Sister Helen Prejean: Educating against the death penalty

This year’s World Day Against the Death Penalty was devoted to “Teaching abolition”. To mark the occasion, world renowned anti-death penalty campaigner, Sister Helen Prejean, gave Amnesty International her personal account on how educating people on the issue of the death penalty can make a difference.

Sister Helen Prejean has been the Religious Education Director at St. Frances Cabrini Parish in New Orleans. She has also been the Formation Director for her religious community and has taught junior and senior high school students.

Sister Helen began her prison ministry in 1981 when she dedicated her life to the poor of New Orleans. While living in the St. Thomas housing project, she became pen pals with Patrick Sonnier, the convicted killer of two teenagers, sentenced to die in the electric chair of Louisiana’s Angola State Prison. Her autobiographical account of her relationship with Patrick Sonnier and other death row inmates was recounted in the Oscar-winning film “Dead Man Walking”.

Fifteen years after beginning her crusade, the Roman Catholic sister has witnessed five executions in Louisiana and today educates the public about the death penalty by lecturing, organizing and writing. As the founder of “Survive,” a victim’s advocacy group in New Orleans, she continues to counsel not only inmates on death row, but also the families of murder victims.

“Educating the people about the death penalty is the very soil out of which abolition grows,” is how Sister Helen explains the importance of educating people about the issue. “When I emerged out of the death chamber in LA, having just watched Patrick Sonnier electrocuted to death, I knew that what I had to do was go out and wake people up about the issue.  

“Because most never see the inside of a prison, much less the killing chamber, how will the people become conscious of the issue without some of us waking them up?  It’s why I travel across the US and give talks; why I wrote my two books and collaborated with Tim Robbins for the film of Dead Man Walking (DMW) and Jake Heggie and Terrence McNally for the opera of DMW. ”

Sister Helen said that the only way to stir consciousness and conscience is massive, unrelenting public discourse in as many forms as possible.

She said that there is a cluster of issues that provide the synergy to persuade people about the death penalty:

•    Help them understand the agony of victims’ families waiting 10 or 20 years for so-called justice. It is also important to stand with them in feeling the outrage over the violent death of their loved one.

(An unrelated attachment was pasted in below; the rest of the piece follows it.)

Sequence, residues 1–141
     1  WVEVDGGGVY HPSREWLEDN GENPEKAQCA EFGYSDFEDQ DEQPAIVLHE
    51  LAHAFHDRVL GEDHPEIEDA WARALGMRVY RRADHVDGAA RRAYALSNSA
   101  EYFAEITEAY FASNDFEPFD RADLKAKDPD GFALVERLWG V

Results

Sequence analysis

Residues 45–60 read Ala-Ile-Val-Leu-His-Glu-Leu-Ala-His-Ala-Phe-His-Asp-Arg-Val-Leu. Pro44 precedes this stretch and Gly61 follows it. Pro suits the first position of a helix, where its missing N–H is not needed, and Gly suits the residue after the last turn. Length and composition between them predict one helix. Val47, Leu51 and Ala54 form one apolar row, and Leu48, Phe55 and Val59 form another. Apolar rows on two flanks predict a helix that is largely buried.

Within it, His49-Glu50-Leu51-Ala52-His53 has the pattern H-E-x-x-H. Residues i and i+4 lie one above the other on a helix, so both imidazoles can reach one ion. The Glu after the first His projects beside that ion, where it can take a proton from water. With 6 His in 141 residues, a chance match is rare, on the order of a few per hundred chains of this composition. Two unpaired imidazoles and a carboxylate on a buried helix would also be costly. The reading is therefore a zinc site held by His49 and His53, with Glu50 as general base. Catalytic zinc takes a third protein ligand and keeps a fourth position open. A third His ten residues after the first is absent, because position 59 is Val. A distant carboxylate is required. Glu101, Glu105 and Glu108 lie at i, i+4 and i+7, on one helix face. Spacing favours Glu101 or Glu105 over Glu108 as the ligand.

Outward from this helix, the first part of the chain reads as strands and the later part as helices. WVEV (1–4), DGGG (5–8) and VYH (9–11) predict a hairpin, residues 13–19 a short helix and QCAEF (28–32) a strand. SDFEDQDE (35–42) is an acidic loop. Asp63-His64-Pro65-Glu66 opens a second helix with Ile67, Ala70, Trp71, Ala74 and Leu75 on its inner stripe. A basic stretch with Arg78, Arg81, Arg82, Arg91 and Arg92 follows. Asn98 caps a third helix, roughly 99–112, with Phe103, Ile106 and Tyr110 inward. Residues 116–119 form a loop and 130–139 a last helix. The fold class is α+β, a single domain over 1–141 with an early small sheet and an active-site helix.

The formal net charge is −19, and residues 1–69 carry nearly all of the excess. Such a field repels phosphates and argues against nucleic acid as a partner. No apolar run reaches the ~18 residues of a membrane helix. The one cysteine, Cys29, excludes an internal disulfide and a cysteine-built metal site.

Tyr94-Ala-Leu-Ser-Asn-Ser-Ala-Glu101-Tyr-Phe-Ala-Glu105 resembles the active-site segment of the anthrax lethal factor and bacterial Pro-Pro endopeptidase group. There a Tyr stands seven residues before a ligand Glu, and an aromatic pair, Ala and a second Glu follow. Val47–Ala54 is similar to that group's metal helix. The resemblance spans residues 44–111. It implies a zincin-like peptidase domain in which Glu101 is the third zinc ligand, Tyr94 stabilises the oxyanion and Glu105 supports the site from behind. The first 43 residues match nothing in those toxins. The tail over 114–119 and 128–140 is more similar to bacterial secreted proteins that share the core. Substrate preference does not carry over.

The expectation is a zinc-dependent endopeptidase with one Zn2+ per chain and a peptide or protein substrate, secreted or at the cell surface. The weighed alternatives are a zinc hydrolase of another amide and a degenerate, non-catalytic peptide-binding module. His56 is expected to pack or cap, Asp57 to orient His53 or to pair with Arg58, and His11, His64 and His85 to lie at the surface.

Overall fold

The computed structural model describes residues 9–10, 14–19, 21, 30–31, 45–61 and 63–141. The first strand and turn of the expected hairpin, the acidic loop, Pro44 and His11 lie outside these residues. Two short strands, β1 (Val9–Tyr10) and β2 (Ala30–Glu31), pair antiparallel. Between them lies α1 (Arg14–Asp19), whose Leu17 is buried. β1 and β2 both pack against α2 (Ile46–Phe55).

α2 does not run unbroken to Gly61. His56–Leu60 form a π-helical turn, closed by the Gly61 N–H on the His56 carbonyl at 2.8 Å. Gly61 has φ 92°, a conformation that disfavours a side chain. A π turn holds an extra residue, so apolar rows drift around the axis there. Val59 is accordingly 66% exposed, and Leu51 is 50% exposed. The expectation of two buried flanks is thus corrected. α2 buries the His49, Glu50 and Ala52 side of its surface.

•    Help them understand the humanness of the one being killed. People are worth more than their worst acts – show the humanness through stories.
•    Show how broken and selective and racist the practice of the death penalty is, which leads to inevitable mistakes. In the US, 135 wrongfully convicted people have been exonerated and are off death row, mostly because of the work of college volunteers in Innocence Projects.
•    Show the track record after 30 years of practice – states that execute the most have higher violent crime rates than states that don’t.
•    Point out the cost – even prosecutors call death penalty cases the Cadillac of the criminal justice system.

Sister Helen says the work to educate people of the realities of executions in the USA has been very important.

“Awareness of mistakes in the system has made people wary of the criminal justice system where before they simply thought that the US had the ‘best court system in the world.’ There has been a real shift in attitudes of Catholics, now below the national average in support for the death penalty. The soil of dialogue is more porous now, not as hard and hostile.”

She adds that certain sections of the population are most responsive: young people, those close to the struggles of poor people, and Catholics. Her approach to teaching people who know nothing about the issue, particularly young people, is informed by what she’s been doing for 20 years with the public.

“Stories studded with facts about the death penalty. Tim Robbins has written the play of ‘Dead Man Walking’, which is being performed across the nation in high schools and universities.  The drama is at the centre of the discourse, but at least two other departments are required to read the book and take on the issue in classes, art depts., etc. It’s having a huge impact.”

She points out that all English speaking schools can do the play, not just those in the US.  

“By delving into the death penalty, students and faculty delve into the meaning of human rights and have a forum in which to discuss torture. Is the death penalty the practice of mental or physical torture?”

Amnesty International opposes the death penalty in all cases without exception regardless of the nature of the crime, the characteristics of the offender, or the method used by the state to kill the prisoner.